Maybe. The API allows the right people access tothe right functions and data. Object Oriented Programming languages do thisby letting you specify whether functions are public or private. If a function is marked as “private”,it means only functions inside that object can call it. So, in this example, only other functionsinside of IgnitionControl, like the setRPM function, can fire the sparkplugs. On the other hand, because the setRPM functionis marked as public, other objects can call .

It, like cruise control. This ability to hide complexity, and selectivelyreveal it, is the essence of Object Oriented Programming, and it’s a powerful and popularway to tackle building large and complex programs. Pretty much every piece of software on yourcomputer, or game running on your console, was built using an Object Oriented ProgrammingLanguage, like C++, C# or Objective-C. Other popular “OO” languages you may have heardof are Python and Java. It’s important to remember that code, beforebeing compiled, is just text. As I mentioned earlier, you could write codein Notepad or any old word processor. Some people do. .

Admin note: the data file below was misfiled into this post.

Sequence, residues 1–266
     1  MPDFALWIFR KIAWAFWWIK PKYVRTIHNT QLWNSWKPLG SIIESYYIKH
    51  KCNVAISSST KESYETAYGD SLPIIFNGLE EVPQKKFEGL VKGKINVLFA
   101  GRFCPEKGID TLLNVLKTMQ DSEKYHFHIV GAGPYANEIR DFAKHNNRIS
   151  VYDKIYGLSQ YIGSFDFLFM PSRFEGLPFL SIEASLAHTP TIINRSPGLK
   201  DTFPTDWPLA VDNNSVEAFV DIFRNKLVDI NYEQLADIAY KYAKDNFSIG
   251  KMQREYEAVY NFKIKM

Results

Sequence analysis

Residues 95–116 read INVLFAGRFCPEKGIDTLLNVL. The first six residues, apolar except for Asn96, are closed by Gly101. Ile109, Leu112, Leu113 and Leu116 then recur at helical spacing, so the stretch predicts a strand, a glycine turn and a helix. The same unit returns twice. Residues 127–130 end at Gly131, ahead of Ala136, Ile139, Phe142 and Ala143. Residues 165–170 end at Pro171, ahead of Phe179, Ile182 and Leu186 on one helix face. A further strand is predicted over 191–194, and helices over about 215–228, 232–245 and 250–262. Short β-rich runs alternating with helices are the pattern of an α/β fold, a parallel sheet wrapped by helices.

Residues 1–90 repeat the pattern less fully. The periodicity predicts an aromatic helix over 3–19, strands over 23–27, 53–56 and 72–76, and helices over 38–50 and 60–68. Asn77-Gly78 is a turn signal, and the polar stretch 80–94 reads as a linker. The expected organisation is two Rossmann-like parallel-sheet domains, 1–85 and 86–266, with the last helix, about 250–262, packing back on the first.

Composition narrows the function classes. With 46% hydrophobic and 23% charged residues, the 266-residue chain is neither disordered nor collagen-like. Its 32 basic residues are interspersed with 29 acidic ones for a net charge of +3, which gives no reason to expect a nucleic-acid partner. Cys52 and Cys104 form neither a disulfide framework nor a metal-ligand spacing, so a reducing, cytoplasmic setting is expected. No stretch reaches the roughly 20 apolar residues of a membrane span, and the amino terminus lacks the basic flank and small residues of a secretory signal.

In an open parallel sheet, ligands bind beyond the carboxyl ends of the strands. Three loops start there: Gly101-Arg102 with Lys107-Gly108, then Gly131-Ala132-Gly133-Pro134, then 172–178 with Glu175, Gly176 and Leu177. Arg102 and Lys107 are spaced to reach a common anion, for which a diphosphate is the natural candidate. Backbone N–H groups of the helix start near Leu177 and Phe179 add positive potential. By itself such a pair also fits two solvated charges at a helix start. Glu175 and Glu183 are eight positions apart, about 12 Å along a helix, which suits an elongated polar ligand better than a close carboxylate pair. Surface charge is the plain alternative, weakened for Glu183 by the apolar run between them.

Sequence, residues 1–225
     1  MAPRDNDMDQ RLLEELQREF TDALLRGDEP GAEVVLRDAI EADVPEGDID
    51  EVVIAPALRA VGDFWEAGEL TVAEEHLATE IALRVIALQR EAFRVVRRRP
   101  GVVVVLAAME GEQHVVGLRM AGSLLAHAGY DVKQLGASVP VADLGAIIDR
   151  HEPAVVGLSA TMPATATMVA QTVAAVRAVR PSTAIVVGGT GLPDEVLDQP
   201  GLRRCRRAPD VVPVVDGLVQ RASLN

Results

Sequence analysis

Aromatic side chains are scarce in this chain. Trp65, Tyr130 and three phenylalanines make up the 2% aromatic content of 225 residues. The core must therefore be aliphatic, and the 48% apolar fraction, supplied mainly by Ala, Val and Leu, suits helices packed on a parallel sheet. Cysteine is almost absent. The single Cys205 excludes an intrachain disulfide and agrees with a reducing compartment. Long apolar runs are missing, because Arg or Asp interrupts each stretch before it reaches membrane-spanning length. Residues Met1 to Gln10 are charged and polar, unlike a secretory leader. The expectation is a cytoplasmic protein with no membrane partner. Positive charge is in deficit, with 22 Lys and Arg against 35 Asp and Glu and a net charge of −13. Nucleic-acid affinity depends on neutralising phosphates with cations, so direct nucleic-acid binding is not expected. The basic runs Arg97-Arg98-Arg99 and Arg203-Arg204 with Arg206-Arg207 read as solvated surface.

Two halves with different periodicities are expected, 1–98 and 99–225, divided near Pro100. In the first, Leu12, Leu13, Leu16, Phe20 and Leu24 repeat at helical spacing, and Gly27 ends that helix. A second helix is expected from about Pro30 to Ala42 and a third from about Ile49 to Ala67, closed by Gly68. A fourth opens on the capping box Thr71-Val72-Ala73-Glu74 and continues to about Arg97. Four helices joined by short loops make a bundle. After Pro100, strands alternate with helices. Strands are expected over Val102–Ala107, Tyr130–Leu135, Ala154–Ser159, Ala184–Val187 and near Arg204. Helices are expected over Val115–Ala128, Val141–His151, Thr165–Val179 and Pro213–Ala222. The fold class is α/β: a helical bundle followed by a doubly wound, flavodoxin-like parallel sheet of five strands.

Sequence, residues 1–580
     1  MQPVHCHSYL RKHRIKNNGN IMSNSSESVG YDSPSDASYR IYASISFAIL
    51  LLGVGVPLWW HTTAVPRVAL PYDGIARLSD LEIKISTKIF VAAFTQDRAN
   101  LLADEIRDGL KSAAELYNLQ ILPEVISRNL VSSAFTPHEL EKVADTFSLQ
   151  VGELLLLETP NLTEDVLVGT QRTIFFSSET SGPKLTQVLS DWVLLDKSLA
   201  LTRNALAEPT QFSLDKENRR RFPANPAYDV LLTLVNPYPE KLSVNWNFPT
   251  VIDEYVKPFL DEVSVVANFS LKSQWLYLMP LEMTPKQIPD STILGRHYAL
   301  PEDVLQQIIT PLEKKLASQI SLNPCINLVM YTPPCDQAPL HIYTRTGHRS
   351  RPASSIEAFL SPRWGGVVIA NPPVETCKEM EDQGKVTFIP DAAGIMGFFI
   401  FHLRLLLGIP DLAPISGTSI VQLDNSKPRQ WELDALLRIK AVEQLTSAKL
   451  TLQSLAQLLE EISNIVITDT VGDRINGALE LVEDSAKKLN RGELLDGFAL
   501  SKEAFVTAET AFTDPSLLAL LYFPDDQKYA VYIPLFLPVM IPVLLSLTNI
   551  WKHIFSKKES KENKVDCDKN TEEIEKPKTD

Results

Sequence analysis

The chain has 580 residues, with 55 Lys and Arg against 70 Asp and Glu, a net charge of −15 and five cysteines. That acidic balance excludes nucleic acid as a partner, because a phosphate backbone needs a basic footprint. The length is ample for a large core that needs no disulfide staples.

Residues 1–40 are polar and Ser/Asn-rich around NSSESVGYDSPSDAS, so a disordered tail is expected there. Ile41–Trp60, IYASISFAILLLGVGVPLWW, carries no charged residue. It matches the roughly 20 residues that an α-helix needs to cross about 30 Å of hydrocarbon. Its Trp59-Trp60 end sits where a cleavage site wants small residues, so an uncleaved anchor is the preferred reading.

But generally, today’s software developersuse special-purpose applications for writing programs, ones that integrate many usefultools for writing, organizing, compiling and testing code. Because they put everything you need in oneplace, they’re called Integrated Development Environments, or IDEs for short. All IDEs provide a text editor for writingcode, often with useful features like automatic color-coding to improve readability. Many even check for syntax errors as you type,like spell check for code. Big programs contain lots of individual sourcefiles, so IDEs allow programmers to organize .